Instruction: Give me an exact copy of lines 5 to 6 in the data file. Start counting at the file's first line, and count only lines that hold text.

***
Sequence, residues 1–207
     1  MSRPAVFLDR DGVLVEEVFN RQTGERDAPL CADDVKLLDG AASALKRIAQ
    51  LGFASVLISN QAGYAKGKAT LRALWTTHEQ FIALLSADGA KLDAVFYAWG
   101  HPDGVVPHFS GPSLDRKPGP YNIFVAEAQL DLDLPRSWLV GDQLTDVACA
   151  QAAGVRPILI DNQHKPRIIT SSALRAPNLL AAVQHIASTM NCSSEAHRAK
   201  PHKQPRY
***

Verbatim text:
   151  QAAGVRPILI DNQHKPRIIT SSALRAPNLL AAVQHIASTM NCSSEAHRAK
   201  PHKQPRY